Characterization of Protein in Soybean Seedlings Presenter: Aaron Davenport Faculty Advisor: David Wing The purpose of the research was to determine the best way of separating the protein from the tissue using extraction buffers of varying composition. Three methods were compared on the basis of protein yield per gram of root tissue. The three methods all involve grinding root tissue in liquid nitrogen and separating the proteins using extraction buffers. Assuming that the different tissue samples have the same quantity of protein, the method which extracts the most is what will be used in future research. Preliminary characterization of extracted protein was accomplished by SDS gel electrophoresis. These studies are a first step toward identifying the molecular mechanism of infection of the soybean plant by the pathogenic oomycete, Phytophthora sojae.

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Pancreatic Lipase Hydrolysis of Triacylglycerides Presenter: Jill Frank Faculty Advisor: Charles Baldwin

Pancreatic Lipase Hydrolysis (PLH) selectively hydrolyzes triacylglycerides (TAG) at the first and third positions yielding one monoacylglyceride (MAG) and two free fatty acids (FFA). To validate the analytical procedure, Triolein, a TAG with three 18-carbon chains was hydrolyzed in pancreatic lipase. The resulting MAG and FFA were separated using solid phase extraction, saponified with potassium hydroxide in methanol, and esterified with BF3•MeOH. Both fractions of MAG and FFA consisted of fatty acid methyl esters (FAMEs) which were analyzed using gas chromatography/mass spectrometry (GCMS) in the selected ion monitoring (SIM) mode. The resulting GCMS should yield a 1:2 ratio of MAG/FAMEs fraction to FFA/FAMEs fraction; however, numerous modifications of the overall method have failed to produce a satisfactory analytical protocol to this point. Adding pancreatic lipase separately and lengthening the reaction time increased FFA/FAME yield a modest 10% to 24% of the theoretical amount.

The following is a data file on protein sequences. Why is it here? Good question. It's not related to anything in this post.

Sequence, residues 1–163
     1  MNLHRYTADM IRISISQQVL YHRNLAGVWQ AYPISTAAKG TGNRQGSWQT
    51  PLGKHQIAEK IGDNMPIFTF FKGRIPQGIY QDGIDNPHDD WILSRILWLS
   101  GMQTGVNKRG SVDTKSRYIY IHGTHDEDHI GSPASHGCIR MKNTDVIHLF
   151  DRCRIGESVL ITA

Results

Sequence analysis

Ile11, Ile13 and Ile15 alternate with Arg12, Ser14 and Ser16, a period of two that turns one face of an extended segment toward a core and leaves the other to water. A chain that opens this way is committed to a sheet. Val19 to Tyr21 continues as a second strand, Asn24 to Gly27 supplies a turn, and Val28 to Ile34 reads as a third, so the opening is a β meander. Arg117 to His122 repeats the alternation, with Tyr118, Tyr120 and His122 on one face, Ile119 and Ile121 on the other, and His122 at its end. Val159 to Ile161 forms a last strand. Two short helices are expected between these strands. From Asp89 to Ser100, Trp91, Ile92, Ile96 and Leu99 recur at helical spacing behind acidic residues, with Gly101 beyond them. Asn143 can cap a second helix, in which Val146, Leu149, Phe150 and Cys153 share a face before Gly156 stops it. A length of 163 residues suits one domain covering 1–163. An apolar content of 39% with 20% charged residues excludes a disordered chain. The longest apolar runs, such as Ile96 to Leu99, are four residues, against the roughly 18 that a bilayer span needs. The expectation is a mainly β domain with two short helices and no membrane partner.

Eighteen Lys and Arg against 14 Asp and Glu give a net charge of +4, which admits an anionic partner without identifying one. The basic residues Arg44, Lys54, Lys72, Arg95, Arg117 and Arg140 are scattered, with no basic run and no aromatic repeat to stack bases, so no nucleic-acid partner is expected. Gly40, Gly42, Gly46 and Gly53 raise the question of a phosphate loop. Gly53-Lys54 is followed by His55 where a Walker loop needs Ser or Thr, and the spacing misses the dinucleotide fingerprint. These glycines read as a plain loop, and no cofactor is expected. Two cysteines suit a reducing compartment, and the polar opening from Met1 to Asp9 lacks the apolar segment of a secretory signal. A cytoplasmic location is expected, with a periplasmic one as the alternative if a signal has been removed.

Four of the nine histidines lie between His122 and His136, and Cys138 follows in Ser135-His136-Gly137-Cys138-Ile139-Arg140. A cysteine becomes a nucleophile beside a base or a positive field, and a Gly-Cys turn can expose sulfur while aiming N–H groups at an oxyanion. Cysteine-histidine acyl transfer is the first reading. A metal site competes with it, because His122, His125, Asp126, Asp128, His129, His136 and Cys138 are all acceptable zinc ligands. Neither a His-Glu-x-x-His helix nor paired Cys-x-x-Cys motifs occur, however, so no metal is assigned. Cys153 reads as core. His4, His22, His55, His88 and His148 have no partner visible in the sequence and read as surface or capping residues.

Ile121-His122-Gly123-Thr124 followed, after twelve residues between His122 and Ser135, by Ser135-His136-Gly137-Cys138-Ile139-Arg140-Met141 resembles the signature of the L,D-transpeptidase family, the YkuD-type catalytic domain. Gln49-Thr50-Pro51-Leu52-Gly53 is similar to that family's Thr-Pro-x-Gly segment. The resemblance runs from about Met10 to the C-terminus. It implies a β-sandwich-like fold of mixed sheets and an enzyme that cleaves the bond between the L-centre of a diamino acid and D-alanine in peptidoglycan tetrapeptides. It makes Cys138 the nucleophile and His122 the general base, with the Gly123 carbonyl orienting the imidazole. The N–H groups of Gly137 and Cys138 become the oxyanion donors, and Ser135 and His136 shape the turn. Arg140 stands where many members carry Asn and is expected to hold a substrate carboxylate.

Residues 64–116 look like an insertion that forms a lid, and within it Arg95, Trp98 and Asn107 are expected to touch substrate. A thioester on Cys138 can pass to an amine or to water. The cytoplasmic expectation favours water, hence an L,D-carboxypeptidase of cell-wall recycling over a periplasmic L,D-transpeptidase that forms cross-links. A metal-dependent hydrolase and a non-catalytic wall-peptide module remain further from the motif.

Seventh annual Union University Scholarship Symposium


Synthesis and Isolation of Solid Chromium (III) Quinone Complexes Presenter: Matthew Kent Faculty Advisor: Randy Johnston Previous studies show that 2:1 chromium (III)-quinone complexes were able to oxidize alcohols to corresponding ketones or aldehydes. Attempts to isolate the chromium (III)-quinone complexes as solids were unsuccessful. In this work, chromium (III)-quinone complexes ([(Cr (L)) 2 BQ] (BF4)4) were synthesized that could be isolated as solids. The chelating ligands (L) studies were 1, 10-Phenanthroline, 2, 2’-Bipyridine, Pyrazolylborato, and Triethylenetetramine, in addition to tetrahydroxy-1, 4-benzoquinone (BQ). The synthesis and characterization of each of these complexes is described. Hydrogen Bonding in Substituted Benzoates Presenter: David N. Harlan Faculty Advisor: Charles Baldwin